Ideas & Debate
EDITORIAL: Get the Auditor-General selection done quickly
Wednesday, December 18, 2019 22:00
In the last few weeks, public notices have with growing frequency been appearing in newspapers announcing delayed company results or events because their books of accounts have not been certified by the Auditor-General. Companies ranging from Kenya Power, Kenya Electricity Generating Company (KenGen) and East African Portland Cement Company all find themselves in a straightjacket.
The common denominator here has been the vacuum at the Auditor-General’s office, which arose from the retirement of Mr Edward Ouko. Since the days of the Kibaki Administration, the Auditor-General has been counter-signing books of accounts of State corporations, including those listed at the Nairobi Securities Exchange (NSE).
After the Public Service Commission said it had failed to get the right man out of the 17 applicants, the corporations have been thrown into disarray.
For instance, all of them appear destined to hold annual general meetings next year, risking further penalties from the Capital Markets Authority and the NSE for non-compliance with bourse rules and regulations.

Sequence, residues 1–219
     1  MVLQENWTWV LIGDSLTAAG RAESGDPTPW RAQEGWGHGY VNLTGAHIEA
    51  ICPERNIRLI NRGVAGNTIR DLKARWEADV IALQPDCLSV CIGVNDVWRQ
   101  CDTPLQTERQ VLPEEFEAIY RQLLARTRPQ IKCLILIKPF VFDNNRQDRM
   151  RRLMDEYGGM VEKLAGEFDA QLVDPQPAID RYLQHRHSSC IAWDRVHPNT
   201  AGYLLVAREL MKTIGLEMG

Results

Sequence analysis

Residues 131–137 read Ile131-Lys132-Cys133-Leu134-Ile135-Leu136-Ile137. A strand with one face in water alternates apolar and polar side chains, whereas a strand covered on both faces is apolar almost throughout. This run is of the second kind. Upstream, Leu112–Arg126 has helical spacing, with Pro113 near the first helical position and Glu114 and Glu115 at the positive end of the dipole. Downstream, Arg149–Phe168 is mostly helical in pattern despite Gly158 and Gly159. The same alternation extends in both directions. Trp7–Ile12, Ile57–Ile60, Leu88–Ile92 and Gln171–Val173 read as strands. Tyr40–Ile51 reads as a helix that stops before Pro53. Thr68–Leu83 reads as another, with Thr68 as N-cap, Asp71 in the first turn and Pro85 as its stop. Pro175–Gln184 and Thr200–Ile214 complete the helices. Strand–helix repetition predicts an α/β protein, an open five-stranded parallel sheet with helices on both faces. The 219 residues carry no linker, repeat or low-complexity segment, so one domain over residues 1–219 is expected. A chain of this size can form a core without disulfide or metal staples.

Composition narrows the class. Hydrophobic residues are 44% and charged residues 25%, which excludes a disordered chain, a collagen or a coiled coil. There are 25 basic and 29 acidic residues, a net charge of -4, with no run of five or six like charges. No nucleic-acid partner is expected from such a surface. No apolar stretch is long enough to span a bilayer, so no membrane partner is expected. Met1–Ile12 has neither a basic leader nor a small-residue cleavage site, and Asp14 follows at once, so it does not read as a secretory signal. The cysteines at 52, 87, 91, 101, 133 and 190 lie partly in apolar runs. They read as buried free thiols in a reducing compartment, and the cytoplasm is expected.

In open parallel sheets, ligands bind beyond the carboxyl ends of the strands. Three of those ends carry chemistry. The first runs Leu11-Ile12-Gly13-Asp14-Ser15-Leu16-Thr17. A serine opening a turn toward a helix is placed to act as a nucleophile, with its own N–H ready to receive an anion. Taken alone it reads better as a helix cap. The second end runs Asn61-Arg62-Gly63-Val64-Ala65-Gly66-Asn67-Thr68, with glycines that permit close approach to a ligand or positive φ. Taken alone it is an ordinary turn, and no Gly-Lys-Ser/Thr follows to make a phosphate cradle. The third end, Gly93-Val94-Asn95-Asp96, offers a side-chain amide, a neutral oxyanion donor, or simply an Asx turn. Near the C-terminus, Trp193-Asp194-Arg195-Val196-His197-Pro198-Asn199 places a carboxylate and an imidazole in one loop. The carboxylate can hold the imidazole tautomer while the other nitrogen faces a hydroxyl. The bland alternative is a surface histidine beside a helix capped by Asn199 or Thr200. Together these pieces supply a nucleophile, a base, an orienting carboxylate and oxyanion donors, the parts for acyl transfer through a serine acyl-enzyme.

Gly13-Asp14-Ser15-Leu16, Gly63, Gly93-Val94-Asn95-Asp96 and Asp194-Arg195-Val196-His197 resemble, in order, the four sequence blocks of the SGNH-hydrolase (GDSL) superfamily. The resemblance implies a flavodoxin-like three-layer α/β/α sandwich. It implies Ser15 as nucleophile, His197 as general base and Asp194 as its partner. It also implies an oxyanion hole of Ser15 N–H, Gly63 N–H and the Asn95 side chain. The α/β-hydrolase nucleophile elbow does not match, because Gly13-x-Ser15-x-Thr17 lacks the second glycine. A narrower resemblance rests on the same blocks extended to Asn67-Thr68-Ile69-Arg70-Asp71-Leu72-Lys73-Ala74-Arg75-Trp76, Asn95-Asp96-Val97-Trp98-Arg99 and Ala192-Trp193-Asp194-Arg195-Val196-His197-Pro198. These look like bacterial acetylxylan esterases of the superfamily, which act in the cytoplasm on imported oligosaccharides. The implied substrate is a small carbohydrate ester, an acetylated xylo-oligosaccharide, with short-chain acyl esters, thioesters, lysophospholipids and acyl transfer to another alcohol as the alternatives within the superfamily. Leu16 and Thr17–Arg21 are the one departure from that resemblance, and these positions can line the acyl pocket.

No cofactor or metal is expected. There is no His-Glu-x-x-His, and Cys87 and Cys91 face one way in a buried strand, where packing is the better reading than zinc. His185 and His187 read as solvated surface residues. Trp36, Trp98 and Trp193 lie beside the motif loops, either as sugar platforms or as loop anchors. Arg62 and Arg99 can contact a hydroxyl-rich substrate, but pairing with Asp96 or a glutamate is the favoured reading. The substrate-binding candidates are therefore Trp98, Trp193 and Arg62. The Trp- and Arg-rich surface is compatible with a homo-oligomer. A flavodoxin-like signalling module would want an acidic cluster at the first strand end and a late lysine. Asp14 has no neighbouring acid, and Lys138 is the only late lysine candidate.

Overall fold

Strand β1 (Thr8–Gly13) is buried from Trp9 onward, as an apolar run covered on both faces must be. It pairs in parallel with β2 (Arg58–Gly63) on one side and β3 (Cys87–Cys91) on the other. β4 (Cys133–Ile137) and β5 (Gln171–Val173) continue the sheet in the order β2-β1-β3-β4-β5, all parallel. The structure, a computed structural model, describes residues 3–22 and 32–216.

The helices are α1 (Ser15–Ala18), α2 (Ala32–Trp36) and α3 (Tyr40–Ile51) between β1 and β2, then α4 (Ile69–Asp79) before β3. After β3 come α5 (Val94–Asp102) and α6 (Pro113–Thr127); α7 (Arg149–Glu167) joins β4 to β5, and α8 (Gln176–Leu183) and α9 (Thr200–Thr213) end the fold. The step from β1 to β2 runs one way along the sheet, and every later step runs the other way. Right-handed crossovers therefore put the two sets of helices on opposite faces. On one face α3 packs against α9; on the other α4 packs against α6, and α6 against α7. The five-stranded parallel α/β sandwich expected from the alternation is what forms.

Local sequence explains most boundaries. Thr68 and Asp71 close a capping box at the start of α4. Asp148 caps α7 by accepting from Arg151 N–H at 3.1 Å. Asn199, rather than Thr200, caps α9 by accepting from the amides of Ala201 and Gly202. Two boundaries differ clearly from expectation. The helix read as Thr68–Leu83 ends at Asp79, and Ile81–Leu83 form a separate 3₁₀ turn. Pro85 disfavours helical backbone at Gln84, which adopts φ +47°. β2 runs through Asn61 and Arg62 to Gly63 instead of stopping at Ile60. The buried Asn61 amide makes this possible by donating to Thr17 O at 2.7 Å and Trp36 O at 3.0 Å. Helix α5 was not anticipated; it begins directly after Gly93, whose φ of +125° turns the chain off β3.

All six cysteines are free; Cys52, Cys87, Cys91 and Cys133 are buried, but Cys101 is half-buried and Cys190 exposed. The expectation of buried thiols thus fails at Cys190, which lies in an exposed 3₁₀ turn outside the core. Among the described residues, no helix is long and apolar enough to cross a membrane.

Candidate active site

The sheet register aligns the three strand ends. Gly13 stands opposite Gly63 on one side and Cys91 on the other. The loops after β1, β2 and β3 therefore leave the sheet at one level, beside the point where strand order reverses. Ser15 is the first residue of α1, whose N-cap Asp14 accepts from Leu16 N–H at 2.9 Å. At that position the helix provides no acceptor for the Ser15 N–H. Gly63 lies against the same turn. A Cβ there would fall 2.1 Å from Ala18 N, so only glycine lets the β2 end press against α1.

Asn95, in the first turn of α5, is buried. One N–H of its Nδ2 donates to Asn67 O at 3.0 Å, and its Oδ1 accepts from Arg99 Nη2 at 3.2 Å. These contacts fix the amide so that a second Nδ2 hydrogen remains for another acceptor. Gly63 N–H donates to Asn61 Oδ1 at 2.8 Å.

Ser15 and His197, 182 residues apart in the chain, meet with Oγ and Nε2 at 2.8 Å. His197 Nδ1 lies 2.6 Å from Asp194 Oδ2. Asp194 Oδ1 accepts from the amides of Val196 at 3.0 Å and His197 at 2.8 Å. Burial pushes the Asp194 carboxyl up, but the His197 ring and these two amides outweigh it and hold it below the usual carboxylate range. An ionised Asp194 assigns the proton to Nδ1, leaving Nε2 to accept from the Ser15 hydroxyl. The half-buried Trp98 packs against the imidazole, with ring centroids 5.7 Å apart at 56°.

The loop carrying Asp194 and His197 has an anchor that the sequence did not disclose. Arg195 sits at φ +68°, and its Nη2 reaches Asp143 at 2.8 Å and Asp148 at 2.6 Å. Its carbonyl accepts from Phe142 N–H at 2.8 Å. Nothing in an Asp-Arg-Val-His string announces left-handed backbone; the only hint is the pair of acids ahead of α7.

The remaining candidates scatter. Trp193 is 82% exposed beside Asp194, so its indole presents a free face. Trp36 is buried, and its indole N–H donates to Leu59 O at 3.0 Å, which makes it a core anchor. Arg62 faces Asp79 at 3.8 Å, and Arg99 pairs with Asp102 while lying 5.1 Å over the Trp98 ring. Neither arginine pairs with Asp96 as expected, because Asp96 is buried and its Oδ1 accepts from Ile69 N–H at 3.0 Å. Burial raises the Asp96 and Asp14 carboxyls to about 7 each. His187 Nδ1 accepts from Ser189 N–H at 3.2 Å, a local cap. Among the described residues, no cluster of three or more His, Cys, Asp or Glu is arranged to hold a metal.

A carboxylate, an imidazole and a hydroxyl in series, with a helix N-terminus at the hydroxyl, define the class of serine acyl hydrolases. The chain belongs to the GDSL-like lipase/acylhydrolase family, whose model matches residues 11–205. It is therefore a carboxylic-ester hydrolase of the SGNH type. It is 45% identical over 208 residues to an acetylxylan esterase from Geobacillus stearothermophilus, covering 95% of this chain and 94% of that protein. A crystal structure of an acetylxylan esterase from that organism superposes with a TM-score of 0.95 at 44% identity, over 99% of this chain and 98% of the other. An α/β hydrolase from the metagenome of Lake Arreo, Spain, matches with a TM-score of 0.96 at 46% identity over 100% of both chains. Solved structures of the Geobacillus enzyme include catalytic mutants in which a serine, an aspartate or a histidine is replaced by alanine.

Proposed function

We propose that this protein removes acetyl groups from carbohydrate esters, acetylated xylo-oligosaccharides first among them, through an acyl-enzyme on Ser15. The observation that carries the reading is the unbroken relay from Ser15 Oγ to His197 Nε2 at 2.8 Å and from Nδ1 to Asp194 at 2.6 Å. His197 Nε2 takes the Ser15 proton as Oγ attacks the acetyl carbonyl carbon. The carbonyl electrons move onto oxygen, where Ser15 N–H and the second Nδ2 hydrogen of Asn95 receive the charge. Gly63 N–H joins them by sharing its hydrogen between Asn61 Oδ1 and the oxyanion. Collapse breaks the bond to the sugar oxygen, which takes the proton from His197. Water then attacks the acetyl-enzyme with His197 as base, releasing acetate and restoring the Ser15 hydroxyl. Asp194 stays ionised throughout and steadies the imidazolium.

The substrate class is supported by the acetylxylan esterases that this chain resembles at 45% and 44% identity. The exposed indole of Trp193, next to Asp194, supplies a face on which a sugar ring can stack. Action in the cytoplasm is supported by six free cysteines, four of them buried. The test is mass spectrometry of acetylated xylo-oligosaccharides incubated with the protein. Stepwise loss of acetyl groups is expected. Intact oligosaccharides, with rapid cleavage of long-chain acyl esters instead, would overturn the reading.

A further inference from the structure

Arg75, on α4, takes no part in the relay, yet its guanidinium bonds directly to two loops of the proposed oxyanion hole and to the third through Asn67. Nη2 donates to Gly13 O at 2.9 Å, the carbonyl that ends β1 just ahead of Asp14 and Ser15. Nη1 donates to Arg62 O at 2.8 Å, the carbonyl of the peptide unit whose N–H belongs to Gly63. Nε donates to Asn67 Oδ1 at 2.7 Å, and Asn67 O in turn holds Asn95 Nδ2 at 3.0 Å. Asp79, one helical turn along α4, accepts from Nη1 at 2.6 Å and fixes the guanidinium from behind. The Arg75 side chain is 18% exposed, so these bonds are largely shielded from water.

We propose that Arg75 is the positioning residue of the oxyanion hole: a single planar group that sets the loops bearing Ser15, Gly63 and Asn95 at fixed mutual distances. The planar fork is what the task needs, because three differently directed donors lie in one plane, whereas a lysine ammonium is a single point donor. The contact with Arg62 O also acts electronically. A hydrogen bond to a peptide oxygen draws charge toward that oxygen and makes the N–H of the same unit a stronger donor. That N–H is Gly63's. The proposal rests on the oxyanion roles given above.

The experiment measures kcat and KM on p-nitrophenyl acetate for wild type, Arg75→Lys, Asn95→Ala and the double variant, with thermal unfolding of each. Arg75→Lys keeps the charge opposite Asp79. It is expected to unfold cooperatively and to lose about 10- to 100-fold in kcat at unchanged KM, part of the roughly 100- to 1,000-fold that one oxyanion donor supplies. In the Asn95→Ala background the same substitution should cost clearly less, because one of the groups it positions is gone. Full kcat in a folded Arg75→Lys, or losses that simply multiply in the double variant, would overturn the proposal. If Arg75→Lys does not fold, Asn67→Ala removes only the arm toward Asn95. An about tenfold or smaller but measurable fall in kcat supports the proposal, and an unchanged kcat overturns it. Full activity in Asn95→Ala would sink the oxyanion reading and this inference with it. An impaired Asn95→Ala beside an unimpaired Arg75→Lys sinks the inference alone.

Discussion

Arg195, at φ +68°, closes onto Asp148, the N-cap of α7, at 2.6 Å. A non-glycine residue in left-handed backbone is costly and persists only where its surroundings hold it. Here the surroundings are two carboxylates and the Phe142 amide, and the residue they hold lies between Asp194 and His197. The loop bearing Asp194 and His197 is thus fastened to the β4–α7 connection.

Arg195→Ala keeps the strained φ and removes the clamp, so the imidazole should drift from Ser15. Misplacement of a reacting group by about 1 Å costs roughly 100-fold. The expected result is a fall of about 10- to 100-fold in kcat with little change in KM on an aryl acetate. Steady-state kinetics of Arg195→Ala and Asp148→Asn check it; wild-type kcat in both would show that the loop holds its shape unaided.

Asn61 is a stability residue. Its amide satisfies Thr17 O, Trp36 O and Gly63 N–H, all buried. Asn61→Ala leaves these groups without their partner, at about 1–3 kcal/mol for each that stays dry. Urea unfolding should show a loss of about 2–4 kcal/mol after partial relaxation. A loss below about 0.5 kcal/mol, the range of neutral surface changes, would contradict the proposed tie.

This is a clear illustration of how the failure to make an appointment on time can spill over to and adversely affect other spheres of the economy.
Now the Presidency has re-advertised the job but unless the public is clearly told what was wrong with the other applicants, they can only second-guess what the government is looking for. Are we talking technical qualifications or integrity issues? Are we talking gender or ethnic balancing?
It is obviously important here we get some clarity to assure everyone — especially the new applicants — that the government is not looking for a pliant individual. It is important to get this out of the way given the massive leaks that have been reported in government institutions and agencies.
The highest qualifications for the job remain integrity and the relevant technical skills. It is not like these characteristics are that rare in this country. Kenya has always had auditors-general since independence and it is not clear why the current administration is experiencing difficulties find the right candidate.
The government has given candidates two weeks to file applications. It is our hope that the process will be transparent, even as we wait to be told why the previous process came acropper. It is time that those involved in the entire process undo the mess the delay has caused.